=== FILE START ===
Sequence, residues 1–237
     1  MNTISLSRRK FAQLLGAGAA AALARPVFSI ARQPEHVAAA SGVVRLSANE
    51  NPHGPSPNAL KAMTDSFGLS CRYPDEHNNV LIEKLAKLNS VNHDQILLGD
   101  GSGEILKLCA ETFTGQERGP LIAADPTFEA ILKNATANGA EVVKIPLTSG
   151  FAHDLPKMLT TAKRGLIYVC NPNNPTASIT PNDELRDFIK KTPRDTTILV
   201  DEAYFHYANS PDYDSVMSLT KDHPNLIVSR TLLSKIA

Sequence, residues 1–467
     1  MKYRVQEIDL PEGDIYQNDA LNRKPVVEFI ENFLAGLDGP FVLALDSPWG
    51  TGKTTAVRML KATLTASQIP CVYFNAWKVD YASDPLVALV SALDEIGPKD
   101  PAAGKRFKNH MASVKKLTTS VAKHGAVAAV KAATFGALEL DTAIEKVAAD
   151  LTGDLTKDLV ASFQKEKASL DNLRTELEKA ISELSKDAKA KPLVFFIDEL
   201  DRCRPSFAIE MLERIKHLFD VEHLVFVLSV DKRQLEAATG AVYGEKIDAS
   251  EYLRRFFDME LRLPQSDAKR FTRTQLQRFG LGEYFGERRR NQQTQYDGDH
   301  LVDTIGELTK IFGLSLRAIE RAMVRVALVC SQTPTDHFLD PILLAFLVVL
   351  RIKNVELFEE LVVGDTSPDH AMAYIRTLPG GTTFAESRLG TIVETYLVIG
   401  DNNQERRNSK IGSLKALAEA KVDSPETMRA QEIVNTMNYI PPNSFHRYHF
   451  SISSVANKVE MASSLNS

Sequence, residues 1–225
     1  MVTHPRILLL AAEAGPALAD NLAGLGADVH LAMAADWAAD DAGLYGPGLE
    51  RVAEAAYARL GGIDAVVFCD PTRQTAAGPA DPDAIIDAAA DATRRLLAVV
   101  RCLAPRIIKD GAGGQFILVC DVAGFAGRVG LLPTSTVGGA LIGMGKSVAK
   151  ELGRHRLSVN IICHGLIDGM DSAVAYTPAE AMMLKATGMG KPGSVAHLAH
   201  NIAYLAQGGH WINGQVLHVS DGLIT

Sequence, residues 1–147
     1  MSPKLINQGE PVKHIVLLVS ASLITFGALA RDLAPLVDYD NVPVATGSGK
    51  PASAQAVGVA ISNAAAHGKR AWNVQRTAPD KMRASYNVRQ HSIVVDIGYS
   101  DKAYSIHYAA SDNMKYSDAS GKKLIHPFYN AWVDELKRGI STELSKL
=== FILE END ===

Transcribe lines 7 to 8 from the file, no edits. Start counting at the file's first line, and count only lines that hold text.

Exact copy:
Sequence, residues 1–467
     1  MKYRVQEIDL PEGDIYQNDA LNRKPVVEFI ENFLAGLDGP FVLALDSPWG